The Nordic Innovation House is a collaboration between all the Nordic countries, funded by an alliance of Norwegian, Swedish, Finnish, Icelandic and Danish governments as well as Nordic Innovation, to promote cross-border trade and innovation. To give you a better understanding about each country's bridge organization and what they do in Silicon Valley, we will present a series of articles.
This is the second blog post in our serie, where Berglind Hallgrímsdóttir, the Managing Director of Innovation Center Iceland, will give you an overview of the Icelandic Entrepreneurial Landscape.
Icelandic start-ups home and away
Entrepreneurship and start-up activity has gone through dramatic changes in Iceland over the last few years. The economic crisis of 2008 plunged the country into a maelstrom of economic hardship, crashes and reorganisation but also an unleashing of new energy and creativity. As a result of this there has been very vibrant start-up activity in sectors such as ICT and tech, tourism as well as in creative industries.
There have certainly been success stories and there are many more on the horizon. The seas have nevertheless been rough and uncertain and in Iceland, even more so than in other Nordic and European countries. Access to finance and the capability and capacity for growth and scaling is a major obstacle for Icelandic start-ups. The classic gap from early stage to growth has not been bridged by private investors or banks. Two significant VC funds owned mainly by public funds, banks and pension funds have played a significant role in investing in start-ups, but in the opinion of many entrepreneurs, these funds have not been able to enter into investments early enough.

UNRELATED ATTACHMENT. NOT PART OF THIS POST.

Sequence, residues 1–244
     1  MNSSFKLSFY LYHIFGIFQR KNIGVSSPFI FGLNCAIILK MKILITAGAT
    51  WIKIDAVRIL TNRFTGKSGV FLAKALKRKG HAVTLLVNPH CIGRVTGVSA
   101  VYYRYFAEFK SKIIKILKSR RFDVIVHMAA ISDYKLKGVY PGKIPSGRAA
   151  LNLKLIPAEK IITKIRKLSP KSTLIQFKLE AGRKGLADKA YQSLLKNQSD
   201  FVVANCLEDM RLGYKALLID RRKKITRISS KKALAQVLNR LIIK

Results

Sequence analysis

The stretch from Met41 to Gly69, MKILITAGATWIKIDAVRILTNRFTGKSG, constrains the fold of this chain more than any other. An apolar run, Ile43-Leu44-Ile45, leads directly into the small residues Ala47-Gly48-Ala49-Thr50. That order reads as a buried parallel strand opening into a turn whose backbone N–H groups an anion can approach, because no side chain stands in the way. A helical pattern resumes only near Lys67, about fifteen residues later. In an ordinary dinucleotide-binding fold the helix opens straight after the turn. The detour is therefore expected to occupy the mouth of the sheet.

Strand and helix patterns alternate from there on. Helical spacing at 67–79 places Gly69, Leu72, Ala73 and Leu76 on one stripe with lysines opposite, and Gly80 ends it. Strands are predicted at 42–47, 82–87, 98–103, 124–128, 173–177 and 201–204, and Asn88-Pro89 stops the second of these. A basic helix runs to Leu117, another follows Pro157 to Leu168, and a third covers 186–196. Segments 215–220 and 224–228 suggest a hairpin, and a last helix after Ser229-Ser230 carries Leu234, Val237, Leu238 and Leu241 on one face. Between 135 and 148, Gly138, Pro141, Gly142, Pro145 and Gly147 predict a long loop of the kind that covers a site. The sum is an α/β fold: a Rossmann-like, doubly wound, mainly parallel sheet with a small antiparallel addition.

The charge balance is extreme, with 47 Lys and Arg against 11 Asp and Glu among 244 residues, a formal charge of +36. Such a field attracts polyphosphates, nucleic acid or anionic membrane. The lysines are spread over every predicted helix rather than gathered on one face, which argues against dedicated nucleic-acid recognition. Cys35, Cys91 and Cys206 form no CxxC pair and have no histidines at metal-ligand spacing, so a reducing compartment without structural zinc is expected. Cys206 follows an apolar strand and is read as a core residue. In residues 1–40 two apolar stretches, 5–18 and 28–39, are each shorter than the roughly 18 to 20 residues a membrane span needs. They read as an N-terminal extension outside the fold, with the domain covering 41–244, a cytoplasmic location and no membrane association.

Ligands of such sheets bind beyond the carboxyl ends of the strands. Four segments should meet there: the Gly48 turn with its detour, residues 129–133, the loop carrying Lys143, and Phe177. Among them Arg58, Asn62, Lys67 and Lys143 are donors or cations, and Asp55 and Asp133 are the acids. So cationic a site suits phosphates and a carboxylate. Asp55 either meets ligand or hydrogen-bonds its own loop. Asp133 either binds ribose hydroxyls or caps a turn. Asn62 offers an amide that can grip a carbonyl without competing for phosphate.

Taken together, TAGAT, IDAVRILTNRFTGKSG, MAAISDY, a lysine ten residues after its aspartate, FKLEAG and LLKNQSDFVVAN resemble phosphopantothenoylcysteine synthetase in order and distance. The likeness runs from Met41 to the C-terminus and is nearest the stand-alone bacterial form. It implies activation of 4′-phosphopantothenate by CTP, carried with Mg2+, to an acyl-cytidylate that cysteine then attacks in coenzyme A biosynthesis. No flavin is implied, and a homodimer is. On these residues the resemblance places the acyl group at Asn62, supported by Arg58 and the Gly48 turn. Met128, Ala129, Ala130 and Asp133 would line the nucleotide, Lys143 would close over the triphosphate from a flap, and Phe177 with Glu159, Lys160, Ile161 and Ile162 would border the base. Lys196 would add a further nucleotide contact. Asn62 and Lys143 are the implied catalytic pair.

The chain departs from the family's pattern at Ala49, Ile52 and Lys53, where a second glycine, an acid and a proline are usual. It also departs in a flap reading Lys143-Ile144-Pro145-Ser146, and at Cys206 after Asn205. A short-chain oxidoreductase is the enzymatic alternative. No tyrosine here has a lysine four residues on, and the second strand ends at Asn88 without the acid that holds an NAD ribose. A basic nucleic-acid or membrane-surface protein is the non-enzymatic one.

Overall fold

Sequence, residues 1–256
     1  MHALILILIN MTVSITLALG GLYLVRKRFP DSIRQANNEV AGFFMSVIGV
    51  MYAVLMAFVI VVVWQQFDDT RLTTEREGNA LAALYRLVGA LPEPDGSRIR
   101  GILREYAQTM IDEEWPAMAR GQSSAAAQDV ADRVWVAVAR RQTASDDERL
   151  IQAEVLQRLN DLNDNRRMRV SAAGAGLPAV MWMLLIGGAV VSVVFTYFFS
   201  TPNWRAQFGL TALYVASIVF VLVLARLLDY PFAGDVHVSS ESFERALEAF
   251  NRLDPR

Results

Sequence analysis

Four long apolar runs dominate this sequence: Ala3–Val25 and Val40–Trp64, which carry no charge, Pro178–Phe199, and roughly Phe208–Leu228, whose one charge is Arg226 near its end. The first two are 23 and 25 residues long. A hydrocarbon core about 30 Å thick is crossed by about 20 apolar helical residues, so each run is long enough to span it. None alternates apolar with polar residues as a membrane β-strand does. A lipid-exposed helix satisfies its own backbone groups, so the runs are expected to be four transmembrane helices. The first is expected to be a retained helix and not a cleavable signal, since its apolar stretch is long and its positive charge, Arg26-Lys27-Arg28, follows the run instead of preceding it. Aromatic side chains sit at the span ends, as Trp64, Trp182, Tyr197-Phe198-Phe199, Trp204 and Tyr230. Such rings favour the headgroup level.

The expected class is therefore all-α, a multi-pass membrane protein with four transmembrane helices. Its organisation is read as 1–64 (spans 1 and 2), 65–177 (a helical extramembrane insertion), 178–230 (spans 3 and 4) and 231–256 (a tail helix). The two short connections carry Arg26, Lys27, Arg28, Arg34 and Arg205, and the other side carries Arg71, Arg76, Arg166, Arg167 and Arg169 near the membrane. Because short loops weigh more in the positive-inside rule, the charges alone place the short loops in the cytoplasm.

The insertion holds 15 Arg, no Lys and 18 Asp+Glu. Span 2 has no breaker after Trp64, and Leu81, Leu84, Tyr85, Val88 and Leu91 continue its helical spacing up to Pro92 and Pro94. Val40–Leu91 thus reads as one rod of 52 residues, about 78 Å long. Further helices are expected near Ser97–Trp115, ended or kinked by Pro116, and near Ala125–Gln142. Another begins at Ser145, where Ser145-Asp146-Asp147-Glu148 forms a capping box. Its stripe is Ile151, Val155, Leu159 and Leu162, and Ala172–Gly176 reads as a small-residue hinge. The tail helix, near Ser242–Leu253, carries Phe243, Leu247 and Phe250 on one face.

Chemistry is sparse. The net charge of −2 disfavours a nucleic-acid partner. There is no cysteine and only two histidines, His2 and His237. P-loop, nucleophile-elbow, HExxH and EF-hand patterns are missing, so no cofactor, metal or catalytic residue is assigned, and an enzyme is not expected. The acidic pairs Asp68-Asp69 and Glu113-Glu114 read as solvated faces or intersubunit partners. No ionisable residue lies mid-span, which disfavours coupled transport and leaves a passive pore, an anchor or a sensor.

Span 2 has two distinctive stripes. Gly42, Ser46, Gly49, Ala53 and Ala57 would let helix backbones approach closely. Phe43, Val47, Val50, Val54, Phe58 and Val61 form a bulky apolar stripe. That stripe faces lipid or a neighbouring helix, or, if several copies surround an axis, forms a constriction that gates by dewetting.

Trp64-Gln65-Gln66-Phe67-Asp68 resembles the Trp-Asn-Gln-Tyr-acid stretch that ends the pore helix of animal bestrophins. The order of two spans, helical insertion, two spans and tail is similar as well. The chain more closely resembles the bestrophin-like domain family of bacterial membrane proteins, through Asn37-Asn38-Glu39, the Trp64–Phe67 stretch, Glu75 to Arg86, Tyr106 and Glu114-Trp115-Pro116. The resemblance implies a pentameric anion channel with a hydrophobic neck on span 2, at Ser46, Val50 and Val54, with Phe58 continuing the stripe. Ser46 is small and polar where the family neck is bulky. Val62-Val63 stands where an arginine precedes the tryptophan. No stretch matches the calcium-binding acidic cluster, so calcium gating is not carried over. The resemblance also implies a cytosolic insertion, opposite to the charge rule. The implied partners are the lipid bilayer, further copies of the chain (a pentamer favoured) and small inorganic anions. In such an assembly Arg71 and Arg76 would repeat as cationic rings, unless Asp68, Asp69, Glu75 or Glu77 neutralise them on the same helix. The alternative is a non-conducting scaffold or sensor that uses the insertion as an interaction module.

In the last few months there have however been some interesting developments with the emergence of three new investment funds. “Frumtak-2” is an initiative owned largely by a group of pension funds with a bank and an investment fund. The emergence of Frumtak 2 will no doubt be important for Icelandic companies looking to expand and grow while it is perhaps less likely that this new fund will invest significantly in early stage ventures.
The second new fund “Eyrir-Sprotar” is owned by Eyrir investment fund with a more overt objective of early stage investment. This fund has already invested in a number of young start-up companies which is certainly interesting for other similar companies seeking finance.
The third new fund is SA Framtak which has recently been launched is also clear in its stated objective of investing in innovation and start-up companies.
The emergence of these new funds is a positive indication of investors in Iceland seeing real opportunities in emerging start-up companies. The hope is that these new funds will ignite a virtuous cycle of growth in the Icelandic start-up community that could have a significant impact in terms of growth and competitiveness in this small island economy.
About Innovation Center Iceland
Innovation Center Iceland is a leading R&D and business support institute in Iceland. Our mission is to increase innovation, productivity and competitiveness of Icelandic business by doing innovative technology research, diffusing knowledge and giving support to entrepreneurs and start-up companies.
The core activities of Innovation Center Iceland are divided into two domains:
Technology Research and Consulting
Diverse fields in research, such as nanotechnology, renewable energy and concrete rheology. Projects include applied research and testing, basic research in key areas, consultation and technology transfer.
Innovation and Entrepreneur Service
IMPRA at Innovation Center Iceland assists entrepreneurs in the start-up, growth and management of SMEs. IMPRA operates an Incubator Center which offers support and facilities to start-up companies working on innovative business ideas. IMPRA offers extensive internet information services, workshops and courses for SMEs and the general public and publishes books and manuals on management, marketing, and more. IMPRA also runs a Enterprise Europe Network office (EEN) to encourage cooperation between Icelandic and European companies.
BERGLIND HALLGRÍMSDÓTTIR, director of the Centre for Entrepreneurs and SMEs at Innovation Centre Iceland.
Berglind did her MSc (Econ.) degree in European Social Policy and Administration from London School of Economics and Political Science in 1995. Berglind has worked within a number of fields of innovation and business support at the municipal and national levels in Iceland.